Ultimately, McLarty locates the affective components of Thecla’s story within the larger contexts of social structure, class identity, and gender identity (222-226). The common theme in all of these contexts is “dislocation,” where Thecla, and to a lesser degree Paul, function as “the other” for audiences thanks to their unconventional identities (229). While the struggle with the passions runs throughout the Callirhoe romance, Paul and his acolyte Thecla are presented as being exemplars of restraint, and not just in regard to their chastity. Thecla greets her trials and punishments “without expressing either fear or joy,” with the result that “ it is as though Thecla’s indifference actually neutralises the sufferings” (228). But even their stoic mastery of emotions is not enough to totally endear either to the settled Christians they encounter in the world of the story or, as McLarty suggests, those they encounter in the real world of Christian reading communities. As dislocated, wandering Christians, Paul and Thecla provide provocative examples of independence and celibacy, but the text itself gives no hint about how such people can be incorporated into Christian community, or even whether they should (230). McLarty concludes that “Thecla has become a focus for female self-definition, albeit in a way probably unintended by the author” (232). For this author, the text remains “a mixture of conventional and subversive elements” (226).

Thecla’s Devotion is a significant contribution to our understanding of The Acts of Paul and Thecla specifically, and the relationships of the Apocryphal Acts and Greek romances. Those with interests in 2nd-century Christianity more generally will certainly find plenty here to grapple with. McLarty has done an impressive amount of original work on narrative structure and characterization in her main texts; the downside of this effort is that those concerned with larger debates about the Thecla story or affect in early Christian texts may be disappointed that there is less wider engagement with scholarship. In any case, this monograph remains valuable for the study of Thecla as well as a potential jumping off point, for McLarty herself or others, for further discussion of affect, emotion, and identity in second-century Christianity.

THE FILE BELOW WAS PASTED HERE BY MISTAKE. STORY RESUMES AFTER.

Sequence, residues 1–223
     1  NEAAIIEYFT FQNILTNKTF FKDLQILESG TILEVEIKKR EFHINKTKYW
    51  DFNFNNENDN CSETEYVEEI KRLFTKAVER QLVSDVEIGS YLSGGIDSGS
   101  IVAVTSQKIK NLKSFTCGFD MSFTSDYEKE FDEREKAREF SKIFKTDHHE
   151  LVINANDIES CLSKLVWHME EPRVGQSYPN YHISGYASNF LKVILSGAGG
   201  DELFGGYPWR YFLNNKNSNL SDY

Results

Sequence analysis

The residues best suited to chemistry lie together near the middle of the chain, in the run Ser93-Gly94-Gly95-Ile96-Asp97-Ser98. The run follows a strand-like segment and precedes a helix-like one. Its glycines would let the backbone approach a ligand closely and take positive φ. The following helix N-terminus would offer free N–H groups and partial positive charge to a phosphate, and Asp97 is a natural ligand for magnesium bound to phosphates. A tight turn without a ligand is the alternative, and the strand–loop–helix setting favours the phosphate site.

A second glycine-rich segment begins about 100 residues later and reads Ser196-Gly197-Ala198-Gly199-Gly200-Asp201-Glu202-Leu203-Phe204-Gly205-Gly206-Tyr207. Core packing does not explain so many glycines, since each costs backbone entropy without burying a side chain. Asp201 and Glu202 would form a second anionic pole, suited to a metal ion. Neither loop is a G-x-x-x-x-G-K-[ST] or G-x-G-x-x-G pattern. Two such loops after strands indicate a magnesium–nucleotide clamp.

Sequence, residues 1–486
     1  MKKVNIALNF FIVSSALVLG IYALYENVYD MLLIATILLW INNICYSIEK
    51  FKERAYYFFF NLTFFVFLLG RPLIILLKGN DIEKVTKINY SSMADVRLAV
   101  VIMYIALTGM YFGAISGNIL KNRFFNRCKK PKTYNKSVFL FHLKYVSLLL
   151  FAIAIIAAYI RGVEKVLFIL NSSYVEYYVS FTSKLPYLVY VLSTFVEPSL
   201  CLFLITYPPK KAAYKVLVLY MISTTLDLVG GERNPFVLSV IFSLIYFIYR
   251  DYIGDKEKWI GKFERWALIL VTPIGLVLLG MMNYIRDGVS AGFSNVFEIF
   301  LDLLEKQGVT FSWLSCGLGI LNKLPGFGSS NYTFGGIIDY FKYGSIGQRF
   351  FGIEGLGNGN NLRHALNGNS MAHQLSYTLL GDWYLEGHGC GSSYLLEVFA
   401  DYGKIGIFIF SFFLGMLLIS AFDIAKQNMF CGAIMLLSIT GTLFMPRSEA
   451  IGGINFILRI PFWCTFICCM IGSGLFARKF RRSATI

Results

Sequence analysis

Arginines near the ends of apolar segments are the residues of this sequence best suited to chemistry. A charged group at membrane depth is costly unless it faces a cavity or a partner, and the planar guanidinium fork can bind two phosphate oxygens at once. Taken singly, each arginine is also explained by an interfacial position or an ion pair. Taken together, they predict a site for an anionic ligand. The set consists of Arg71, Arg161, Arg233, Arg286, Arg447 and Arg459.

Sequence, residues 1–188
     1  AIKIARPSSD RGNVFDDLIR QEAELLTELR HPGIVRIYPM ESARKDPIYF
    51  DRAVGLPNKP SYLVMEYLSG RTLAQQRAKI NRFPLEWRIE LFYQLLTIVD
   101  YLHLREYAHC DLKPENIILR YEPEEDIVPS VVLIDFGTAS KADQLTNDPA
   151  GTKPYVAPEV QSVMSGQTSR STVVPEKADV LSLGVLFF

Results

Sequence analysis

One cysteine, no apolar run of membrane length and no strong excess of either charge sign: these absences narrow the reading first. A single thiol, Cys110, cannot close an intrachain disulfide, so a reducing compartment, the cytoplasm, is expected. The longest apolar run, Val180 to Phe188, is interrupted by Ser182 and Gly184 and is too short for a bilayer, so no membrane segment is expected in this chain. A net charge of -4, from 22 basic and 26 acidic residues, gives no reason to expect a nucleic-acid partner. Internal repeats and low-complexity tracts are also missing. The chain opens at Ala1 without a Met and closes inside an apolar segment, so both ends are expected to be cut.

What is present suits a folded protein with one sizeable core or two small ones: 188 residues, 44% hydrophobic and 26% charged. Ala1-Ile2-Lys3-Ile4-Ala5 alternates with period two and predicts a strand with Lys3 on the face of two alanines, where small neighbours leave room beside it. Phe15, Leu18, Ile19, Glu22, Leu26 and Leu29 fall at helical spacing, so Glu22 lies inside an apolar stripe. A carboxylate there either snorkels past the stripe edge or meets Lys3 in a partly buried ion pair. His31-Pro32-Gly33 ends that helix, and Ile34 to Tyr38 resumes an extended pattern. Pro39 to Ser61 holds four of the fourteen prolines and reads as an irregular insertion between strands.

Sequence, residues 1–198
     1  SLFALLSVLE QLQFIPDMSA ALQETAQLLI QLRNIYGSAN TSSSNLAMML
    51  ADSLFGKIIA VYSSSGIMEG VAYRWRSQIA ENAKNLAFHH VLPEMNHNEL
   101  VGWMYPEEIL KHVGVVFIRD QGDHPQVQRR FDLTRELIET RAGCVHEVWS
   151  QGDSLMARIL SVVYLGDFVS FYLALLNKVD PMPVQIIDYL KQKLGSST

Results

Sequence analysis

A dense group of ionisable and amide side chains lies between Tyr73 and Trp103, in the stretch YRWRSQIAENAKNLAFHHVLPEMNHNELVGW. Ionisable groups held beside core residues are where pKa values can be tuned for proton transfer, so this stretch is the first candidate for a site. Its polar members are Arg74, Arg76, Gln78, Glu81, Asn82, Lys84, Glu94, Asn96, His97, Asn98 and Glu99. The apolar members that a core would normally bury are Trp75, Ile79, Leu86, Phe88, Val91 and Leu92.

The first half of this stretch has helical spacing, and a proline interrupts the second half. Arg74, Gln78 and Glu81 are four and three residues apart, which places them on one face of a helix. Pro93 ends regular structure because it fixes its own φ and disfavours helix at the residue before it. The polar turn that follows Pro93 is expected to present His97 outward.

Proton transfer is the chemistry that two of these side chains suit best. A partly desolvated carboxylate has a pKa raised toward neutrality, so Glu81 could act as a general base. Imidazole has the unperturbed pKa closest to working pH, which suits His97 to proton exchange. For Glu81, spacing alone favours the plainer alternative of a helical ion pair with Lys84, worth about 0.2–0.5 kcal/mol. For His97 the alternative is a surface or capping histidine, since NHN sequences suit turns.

About the Reviewer(s): 

Ben Sheppard is a doctoral student in Ancient Mediterranean Religions at the University of North Carolina at Chapel Hill.

Date of Review: 
January 22, 2020
About the Author(s)/Editor(s)/Translator(s): 

J.D. McLarty is Senior Tutor of Wolfson College and Affiliated Lecturer in the Faculty of Divinity, University of Cambridge. Her first degree was in Classics at Girton College, Cambridge. After a five year stint in the City she returned to Cambridge where she has taught New Testament Greek for the Faculty of Divinity for a number of years.